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by Cheryl Goodenough
 

Canberra's Despina Voudouris was so moved when she visited a sanctuary for vulnerable children in South Africa that she set up an organisation in Australia to support their work. Planning a trip to South Africa in 2003, Despina made a last minute request to a friend in Johannesburg to organise some volunteer work at an AIDS orphanage. Within three hours of her arrival in Johannesburg, Despina was at Cotlands, which was established in 1936 as a care centre for unwed mothers and their infants, where she was to spend three days doing volunteer work. Cotlands has evolved into an organisation offering shelter for abused, abandoned, HIV-positive, orphaned and terminally ill children up to the age of 14. It also provides community based services to vulnerable children in five provinces. Cotlands impacts more than 4,200 families either through home based and residential care or through outreach, capacity building, counselling and psychosocial support.

Describing that first experience, Despina says: “I was totally blown away and moved by what I saw. I felt that I had to do something to support Cotlands because otherwise I would be allowing this situation to perpetuate. That was something that I couldn't live with.”

On her return to Australia, Despina set up OzCots with the aim of raising awareness of HIV issues generally and funds for Cotlands. Since then the organisation has handed over more than $170,000 to Cotlands and obtained support from about 10 major organisations. One supporter, South African Airways, sponsored Despina to volunteer at Cotlands for two months from November 2004. Around this time Despina gave up her job saying that it interfered with her passion, and she didn't have enough time to organise all the fundraising activities whilst working full-time. Despina's work has another link with Africa. She has dedicated OzCots to thememory of her two great aunts who passed away within 24 days of each otherin November 2003. They were brought up in an orphanage in Egypt after Despina's great grandfather was murdered and her great grandmother could not afford to bring up all her children on her own. OzCots volunteers have visited Cotlands four times. The most recent returned to Australia early in March this year. Despina says that it was an opportunity for the volunteers to see the beauty of South Africa, as well as to give back to humanity in a small way.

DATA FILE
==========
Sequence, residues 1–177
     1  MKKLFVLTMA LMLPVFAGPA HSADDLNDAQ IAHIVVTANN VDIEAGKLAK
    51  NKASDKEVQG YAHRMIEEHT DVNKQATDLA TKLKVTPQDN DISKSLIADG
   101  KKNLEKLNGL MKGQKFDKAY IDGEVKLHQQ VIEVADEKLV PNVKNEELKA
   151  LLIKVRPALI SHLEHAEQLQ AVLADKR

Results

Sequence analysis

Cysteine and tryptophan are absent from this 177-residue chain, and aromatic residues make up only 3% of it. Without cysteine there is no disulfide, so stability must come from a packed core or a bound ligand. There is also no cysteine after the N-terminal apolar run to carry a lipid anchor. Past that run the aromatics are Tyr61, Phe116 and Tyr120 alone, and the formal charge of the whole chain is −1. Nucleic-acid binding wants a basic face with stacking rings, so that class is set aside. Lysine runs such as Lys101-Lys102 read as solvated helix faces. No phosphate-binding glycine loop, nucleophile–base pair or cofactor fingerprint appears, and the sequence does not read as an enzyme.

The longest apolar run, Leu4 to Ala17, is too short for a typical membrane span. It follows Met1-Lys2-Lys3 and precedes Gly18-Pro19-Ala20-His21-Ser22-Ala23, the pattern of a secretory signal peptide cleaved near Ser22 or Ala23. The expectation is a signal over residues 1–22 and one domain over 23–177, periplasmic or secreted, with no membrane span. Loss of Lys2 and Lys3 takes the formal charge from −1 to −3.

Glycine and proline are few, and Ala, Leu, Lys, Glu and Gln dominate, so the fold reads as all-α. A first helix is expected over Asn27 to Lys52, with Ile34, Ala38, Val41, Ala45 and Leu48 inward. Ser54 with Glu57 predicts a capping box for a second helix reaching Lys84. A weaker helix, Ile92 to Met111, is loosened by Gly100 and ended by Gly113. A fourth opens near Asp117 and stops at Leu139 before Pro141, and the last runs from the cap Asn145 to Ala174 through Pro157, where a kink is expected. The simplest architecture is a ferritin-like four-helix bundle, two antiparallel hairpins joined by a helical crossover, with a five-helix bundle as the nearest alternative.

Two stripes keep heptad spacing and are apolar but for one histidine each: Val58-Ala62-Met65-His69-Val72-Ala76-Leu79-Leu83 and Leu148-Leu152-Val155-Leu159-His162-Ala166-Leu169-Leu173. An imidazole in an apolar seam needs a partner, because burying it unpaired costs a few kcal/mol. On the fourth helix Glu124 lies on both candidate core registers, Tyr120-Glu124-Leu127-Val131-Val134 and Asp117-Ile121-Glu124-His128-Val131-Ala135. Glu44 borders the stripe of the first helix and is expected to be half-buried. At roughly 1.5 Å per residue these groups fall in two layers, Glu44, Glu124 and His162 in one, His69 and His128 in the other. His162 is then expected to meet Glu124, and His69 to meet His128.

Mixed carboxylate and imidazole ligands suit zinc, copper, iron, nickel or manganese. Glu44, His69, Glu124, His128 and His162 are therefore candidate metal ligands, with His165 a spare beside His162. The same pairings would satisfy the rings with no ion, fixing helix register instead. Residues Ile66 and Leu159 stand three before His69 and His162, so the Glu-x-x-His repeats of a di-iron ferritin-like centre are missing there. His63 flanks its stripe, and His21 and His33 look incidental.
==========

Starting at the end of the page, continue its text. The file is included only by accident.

During the recent visit the team spent time at several Cotlands projects around South Africa. These included a community centre in Soweto, where they assisted in digging plots for a garden project. “The singing and constant smiles of the grannies is something we will always treasure,” says Despina. The team travelled to projects in Mpumalanga and KwaZulu-Natal, with some members staying on to visit in Cape Town as well. They also had some time for sightseeing in the Kruger Park and white water rafting. In the impoverished rural area of Hlabisa in KwaZulu-Natal, the team met a young orphaned 16 year old who is looking afterfive siblings including two with disabilities. “Cotlands provides assistance with schooling, meals and homework, as well as emotional and medical support for this community that has been heavily affected by HIV and AIDS.” Despina says that the impact of Cotlands really hit home for the Australians to see people living in such impoverished conditions. For more information see www.ozcots.org.au or http://www.cotlands.org/

 
 
 
Posted in community |
Posted by Cheryl Goodenough
25 Jun 2009



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